The Consumer Financial Protection Bureau (CFPB) has moved to curb digital mortgage comparison-shopping platforms from receiving referral fees, issuing an advisory opinion that outlines how companies violate the Real Estate Settlement Procedures Act (RESPA) when “they steer shoppers to lenders by using pay-to-play tactics rather than providing shoppers with comprehensive and objective information.” The advisory is a warning to digital marketing platforms of the potential consequences of business relationships with mortgage lenders. The CFPB has a direct sightline into the marketing activities of mortgage lenders though supervision and routine examinations, and has already put a target on digital marketing providers.
The CFPB’s advisory opinion describes how platform operations can violate Section 8 of RESPA by enhancing the placement of lenders or related service providers on the digital platforms, or by otherwise steering consumers to those lenders or service providers. in addition, the opinion provides illustrative examples.
“The game is sometimes rigged when companies that operate comparison-shopping platforms coerce payments to skew the offers presented to consumers instead of acting as fair referees,” said CFPB Director Rohit Chopra in a statement. “With digital mortgage comparison-shopping platforms, payments extracted from providers for steering shoppers are prohibited by the Real Estate Settlement Procedures Act (RESPA)—in contrast to payments for the service of including providers on a comparison-shopping platform that follows the law.”
The opinion builds on a long-standing U.S. Department of Housing and Urban Development (HUD) policy statement, issued in 1996, on what HUD then called computer loan origination systems (CLOs). “HUD used the CLO moniker as a blanket term for digital platforms that help consumers choose a product or service related to certain real estate transactions,” as described in Chopra’s statement. “Importantly, the policy statement clarified that referral fees paid to CLOs—referred to here as digital platforms—to unfairly advantage one company over another, which could increase closing and settlement costs, are illegal. The statement was issued under HUD’s authority to implement RESPA, which was passed by Congress in 1974 to ban kickbacks that increase mortgage costs and to ensure consumers are made aware of their settlement costs.”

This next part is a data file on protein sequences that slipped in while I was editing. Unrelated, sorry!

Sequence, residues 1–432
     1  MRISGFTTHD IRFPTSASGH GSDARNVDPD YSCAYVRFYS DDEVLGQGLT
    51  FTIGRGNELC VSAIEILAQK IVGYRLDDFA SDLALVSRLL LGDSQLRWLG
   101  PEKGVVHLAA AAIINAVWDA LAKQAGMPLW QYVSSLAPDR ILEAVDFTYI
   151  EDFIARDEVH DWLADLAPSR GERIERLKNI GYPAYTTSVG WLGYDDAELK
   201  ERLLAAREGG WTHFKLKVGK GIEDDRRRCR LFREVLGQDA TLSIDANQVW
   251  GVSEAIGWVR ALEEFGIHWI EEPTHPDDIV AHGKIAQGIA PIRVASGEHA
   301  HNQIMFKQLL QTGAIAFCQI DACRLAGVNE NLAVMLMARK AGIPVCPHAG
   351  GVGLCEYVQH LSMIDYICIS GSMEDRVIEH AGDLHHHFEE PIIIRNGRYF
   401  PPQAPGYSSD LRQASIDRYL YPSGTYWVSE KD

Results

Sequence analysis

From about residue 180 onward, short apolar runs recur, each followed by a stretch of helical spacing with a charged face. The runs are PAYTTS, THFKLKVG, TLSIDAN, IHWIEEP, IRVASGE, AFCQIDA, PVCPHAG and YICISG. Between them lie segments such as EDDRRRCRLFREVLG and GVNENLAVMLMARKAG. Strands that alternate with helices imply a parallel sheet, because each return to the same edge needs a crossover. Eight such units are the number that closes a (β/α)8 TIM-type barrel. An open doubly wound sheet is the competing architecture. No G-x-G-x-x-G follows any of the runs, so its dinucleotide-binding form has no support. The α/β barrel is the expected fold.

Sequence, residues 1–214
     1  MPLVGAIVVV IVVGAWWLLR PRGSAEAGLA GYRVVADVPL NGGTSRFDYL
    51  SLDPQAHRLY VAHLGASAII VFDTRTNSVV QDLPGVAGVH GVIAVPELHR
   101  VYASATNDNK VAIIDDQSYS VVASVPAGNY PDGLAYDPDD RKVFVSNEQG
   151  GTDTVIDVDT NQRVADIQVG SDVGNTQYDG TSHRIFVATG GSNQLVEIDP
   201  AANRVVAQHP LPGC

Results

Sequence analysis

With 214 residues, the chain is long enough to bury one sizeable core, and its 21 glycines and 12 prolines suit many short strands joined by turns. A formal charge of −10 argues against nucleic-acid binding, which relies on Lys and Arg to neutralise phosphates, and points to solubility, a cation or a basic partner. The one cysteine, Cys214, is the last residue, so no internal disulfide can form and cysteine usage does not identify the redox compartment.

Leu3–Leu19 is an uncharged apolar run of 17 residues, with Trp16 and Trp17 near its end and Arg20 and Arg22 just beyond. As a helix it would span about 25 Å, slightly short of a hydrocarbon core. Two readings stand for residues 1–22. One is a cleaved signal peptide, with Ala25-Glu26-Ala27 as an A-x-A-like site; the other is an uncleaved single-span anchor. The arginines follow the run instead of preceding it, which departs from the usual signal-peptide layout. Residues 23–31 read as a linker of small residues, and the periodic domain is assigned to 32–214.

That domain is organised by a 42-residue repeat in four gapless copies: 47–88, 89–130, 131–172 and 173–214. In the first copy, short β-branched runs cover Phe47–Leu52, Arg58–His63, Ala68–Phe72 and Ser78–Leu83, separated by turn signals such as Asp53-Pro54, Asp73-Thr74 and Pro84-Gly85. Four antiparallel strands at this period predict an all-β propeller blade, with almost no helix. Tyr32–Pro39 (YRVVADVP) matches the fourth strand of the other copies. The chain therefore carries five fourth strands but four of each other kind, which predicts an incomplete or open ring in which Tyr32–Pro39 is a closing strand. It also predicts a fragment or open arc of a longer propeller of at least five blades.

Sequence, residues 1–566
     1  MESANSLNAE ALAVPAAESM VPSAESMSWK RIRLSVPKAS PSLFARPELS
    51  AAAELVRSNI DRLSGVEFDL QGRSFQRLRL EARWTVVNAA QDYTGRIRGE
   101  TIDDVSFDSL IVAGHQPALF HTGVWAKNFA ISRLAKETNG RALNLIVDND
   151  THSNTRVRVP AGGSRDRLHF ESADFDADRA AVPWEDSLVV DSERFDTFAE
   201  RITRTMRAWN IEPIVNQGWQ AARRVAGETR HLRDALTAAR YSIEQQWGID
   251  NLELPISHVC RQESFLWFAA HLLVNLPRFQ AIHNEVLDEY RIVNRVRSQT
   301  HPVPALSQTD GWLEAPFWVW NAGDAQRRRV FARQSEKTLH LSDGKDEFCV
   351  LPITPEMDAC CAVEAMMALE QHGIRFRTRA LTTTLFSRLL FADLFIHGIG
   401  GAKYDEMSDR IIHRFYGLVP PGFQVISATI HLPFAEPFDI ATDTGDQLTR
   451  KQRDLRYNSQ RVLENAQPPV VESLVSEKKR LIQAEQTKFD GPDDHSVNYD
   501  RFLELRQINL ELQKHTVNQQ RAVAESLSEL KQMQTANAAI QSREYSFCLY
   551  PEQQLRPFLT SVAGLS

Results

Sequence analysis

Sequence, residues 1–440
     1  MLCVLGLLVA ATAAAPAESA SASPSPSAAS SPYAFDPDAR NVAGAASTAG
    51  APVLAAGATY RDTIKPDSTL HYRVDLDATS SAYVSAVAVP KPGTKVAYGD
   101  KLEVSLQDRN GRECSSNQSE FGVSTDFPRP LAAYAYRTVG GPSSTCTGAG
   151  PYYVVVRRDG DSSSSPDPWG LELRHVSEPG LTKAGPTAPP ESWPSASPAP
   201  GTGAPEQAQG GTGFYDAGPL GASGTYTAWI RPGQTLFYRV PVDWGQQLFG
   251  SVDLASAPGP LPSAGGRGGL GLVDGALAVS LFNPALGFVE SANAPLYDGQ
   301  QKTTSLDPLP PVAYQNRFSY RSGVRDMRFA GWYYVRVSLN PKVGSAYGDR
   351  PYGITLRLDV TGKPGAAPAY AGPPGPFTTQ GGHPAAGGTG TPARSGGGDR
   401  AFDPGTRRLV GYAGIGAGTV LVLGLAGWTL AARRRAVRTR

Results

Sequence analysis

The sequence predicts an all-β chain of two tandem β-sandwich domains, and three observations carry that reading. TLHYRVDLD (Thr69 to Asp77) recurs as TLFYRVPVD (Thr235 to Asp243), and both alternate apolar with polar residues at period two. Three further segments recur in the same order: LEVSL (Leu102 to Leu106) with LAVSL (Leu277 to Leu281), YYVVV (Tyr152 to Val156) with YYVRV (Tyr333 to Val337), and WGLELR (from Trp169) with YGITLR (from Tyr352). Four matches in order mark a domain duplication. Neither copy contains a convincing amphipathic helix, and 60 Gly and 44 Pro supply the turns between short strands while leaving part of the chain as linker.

The CFPB’s action to rein in the manipulation of digital mortgage comparison-shopping platforms is part of a broader all-of-government effort to end the illegal biasing of ostensibly neutral platforms. The CFPB previously took action to combat fake reviews on digital platforms in policy guidance, issued in March 2022, stating that companies posting fake reviews may violate the Consumer Financial Protection Act (CFPA) or other laws. In addition, the FTC brought an enforcement action and reached a settlement in February 2020 with an operator of a consumer loan comparison-shopping platform for allegedly deceptive conduct under the FTC Act, including paid steering of consumers to platform participants. According to Chopra, “If similar conduct is observed in the mortgage market, the CFPB will not hesitate to act.”
The CFPB also issued an interpretive rule in August 2022 to address digital marketing providers that commingle the targeting and delivery of advertisements to consumers with the provision of advertising “time or space.” The interpretive rule describes how “digital marketers that are involved in the identification or selection of prospective customers or the selection or placement of content to affect consumer behavior are typically service providers for purposes of the law,” as described in CFPB announcement on the interpretive rule. “Digital marketers acting as service providers can be held liable by the CFPB or other law enforcers for committing unfair, deceptive, or abusive acts or practices as well as other consumer financial protection violations.”
In addition, the CFPB notes that on February 1, 2023, the National Telecommunications and Information Administration (NTIA) called for changes to boost competition in mobile app markets. According to the report, “Similar to digital mortgage comparison-shopping platforms, mobile app stores act as marketplace platforms that are vulnerable to self-preferencing and manipulation. The NTIA recommended several policy changes, including requiring that the two main mobile app store operators, Apple and Google, cease self-preferencing their own apps by manipulating search or other ranking functionality or discriminating between their apps and similar competing apps.”